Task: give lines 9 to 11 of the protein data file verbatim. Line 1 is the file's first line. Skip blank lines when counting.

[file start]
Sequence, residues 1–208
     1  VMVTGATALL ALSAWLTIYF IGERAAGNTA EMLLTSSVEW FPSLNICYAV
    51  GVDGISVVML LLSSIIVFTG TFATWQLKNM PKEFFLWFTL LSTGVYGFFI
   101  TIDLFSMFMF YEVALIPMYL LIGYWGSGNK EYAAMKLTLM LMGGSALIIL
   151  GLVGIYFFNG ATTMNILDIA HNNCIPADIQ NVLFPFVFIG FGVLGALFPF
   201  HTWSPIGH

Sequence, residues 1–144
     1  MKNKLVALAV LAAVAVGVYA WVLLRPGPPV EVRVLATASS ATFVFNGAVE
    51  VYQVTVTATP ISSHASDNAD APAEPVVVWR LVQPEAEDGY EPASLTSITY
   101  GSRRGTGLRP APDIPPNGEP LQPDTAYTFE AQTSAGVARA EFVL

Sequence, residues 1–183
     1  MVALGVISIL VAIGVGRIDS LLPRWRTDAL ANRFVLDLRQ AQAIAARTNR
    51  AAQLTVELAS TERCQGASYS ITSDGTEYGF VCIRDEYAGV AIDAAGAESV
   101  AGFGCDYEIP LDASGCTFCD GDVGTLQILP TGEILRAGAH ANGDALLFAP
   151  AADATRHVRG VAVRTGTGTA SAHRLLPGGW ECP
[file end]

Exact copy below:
    51  VYQVTVTATP ISSHASDNAD APAEPVVVWR LVQPEAEDGY EPASLTSITY
   101  GSRRGTGLRP APDIPPNGEP LQPDTAYTFE AQTSAGVARA EFVL

Sequence, residues 1–183